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Swimming Pool. What you need to know.
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Without doubt the first question all your friends and family will ask you when you tell them you are buying a property in sunny Spain is “DOES IT HAVE A POOL”?

If you are purchasing in a community or an apartment block you may find that you have a communal pool, however if you are purchasing a country villa some do and some do not and if you are buying a new build or off plan you may need to decide if you want a pool or not.

There is the cost to consider, the mess whilst it is being built, the ongoing upkeep with cleaning and maintaining levels…….. these are all costs that must be taken into consideration, however the first time you jump into your own pool on a hot and sunny afternoon to cool off… It was worth every penny.

So what do you need to know before dipping you toe in the water (sorry).


Building a pool in Spain is a very common practice. The builders, architects, planners, town halls all have great experience, so make use of it.

Firstly solicit the opinion of your friends and neighbors. Who built their pool, what did it cost, how happy were they with their builder, did they finish on time, hidden costs, what was included in the price and Would They Recommend Them?

Armed with this information you can then invite the recommended builders to come and quote for the work. A good builder will also make recommendations on pool size, terrace size, location, orientation, salt or chlorine, auto or manual ph, glass or sand filter, cold or solar shower. The builder will tell you what is included in his quotation such as architects fees, planning application, license fee and end of works certificate. 

My builder suggested building a seat in the pool steps. There is no better place to sit and have a cold drink or my partner sits here for hours reading a book. He also recommended LED color changing lights which added 100€ to the total cost but wow does the pool look great.

When you have settled on the builder they will come back with their architect who will make all the drawings to be submitted to your local town hall (Ayuntamiento). The architect will advise you on where you are allowed to put the pool on the plot in ration to borders as well as orientation for the sun etc. The architect will be familiar with all the technicalities of each Ayuntamiento and how to approach the application.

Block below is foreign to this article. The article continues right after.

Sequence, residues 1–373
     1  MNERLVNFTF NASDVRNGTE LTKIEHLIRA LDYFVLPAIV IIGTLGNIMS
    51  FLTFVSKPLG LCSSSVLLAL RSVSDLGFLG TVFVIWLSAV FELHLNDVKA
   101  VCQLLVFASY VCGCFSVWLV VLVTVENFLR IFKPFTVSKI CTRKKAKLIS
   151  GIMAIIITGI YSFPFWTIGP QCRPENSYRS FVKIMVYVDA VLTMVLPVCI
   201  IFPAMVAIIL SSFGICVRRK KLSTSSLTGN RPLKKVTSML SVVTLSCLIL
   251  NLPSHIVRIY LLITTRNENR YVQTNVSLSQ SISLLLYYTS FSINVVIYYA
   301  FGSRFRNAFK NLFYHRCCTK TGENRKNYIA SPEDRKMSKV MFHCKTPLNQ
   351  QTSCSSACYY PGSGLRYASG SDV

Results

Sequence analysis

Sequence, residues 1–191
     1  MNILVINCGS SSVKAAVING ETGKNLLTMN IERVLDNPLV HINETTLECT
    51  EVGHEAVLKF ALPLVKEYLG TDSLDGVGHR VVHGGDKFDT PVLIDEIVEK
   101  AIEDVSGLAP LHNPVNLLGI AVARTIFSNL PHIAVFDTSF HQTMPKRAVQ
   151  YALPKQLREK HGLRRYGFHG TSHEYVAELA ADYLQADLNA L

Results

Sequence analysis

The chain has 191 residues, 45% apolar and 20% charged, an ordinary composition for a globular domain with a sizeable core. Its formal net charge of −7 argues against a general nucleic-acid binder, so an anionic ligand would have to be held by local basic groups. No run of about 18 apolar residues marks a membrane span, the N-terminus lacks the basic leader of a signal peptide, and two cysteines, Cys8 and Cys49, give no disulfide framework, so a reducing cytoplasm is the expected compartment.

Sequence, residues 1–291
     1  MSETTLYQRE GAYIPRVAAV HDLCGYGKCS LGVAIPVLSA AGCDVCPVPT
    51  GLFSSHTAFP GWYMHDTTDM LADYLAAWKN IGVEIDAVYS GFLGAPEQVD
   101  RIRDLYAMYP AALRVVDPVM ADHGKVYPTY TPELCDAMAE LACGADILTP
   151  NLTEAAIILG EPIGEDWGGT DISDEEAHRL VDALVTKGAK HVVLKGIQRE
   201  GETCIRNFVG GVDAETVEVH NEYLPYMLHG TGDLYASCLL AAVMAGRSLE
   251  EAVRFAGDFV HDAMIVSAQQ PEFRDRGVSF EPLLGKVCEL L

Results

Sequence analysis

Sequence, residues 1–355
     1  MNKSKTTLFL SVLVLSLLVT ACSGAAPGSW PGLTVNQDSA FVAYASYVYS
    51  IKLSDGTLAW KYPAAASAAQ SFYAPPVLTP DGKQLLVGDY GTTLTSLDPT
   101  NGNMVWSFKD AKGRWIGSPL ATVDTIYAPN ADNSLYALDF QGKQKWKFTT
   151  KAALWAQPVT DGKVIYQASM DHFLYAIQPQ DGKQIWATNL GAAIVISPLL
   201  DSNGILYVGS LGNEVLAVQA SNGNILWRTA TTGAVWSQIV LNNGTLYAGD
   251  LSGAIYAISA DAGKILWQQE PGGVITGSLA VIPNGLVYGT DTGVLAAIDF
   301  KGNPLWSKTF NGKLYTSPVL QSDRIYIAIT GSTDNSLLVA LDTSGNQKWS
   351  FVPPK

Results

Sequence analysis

Do not try and cut any corners. Falling foul of the planning process will cost you more in the long run.

Once planning has been submitted and approved your build can get underway. Things tend to move very quickly. The diggers move in and the hole is dug with a single day as long as they do not come up against bedrock.

Once the whole is dug the iron work (reinforcement) and bricks are installed then the concrete (gunnite) is sprayed then the pool back filled then smoothed and waterproofed. Then the tiles are fitted, electric, pumps and systems.. Lots happen in a short time. The only slow down is whilst they are waiting a few days for the concrete to set.

Meanwhile your terrace concrete is laid. My builder gave me a cost per m2 for tiling, however I chose my own tiles, which were slightly more expensive and paid the difference.

Finally when the pool is finished….fill it up. Remember that you may not be allowed to use tap water, so again check. You may find it is not only quicker but cheaper to order the water by a tanker (75€ for 12.000lt).


Your builder will leave you with copies of all the paperwork for the pool. A copy and receipts for all licenses and permissions, the pool project and the end of work certificate to say the pool has been accepted and passed by the authorities. With this in hand you can now register the pool with both the land registry and catastral who are responsible for informing the town hall about what you have on your plot and how much council tax you should be paying. Your annual property tax (IBI) will increase slightly, but you will not be back taxed and fined if you do not register.

This paperwork can be done by the architect, your gestor or your lawyer. They will do it faster and easier than you.


Orientation: Keep the pool in the sun as long as possible.

Keep it away from trees that drop leaves or seeds.

Auto fill: Do you want the pool to top itself up with an auto fill or do you manually want to top the pool up with a hose. I went for auto fill and occasionally disconnect it so I can monitor water usage.

Depth: Do you need a deep end?  My pool is the same depth. You can always touch the bottom, the pool is warmer, easier to clean and it is safer if you have youngsters in the water

Pool lighting: Go for LED lighting. You can manually change the color, the colors can cycle through. Worth every penny.

Auto ph and salt system: I personally chose these with my pool. The computers monitor the levels and dose accordingly. I simply clean the pool as and when required. The auto systems level out any chemical peaks and troughs and ensure optimal levels. Much better for sensitive skin, young and old alike and dyed hair.

Costs: I have lost count of how many times I tell my clients to set a price and stick to it, and yet I am just as guilty as everyone with allowing costs to build without keeping control. I specified better terrace tiles, led lights in the pool, led lights around the walls, I had the walls redered around the pool, up speced the pool surround, changed the design of the pool house, added salt system and auto ph system. 

The pictures used are of my own pool, here in Hondon de las Nieves.


Author: Steven Bromley. Hondon Valley Homes & La Montanosa Villas. © 2018.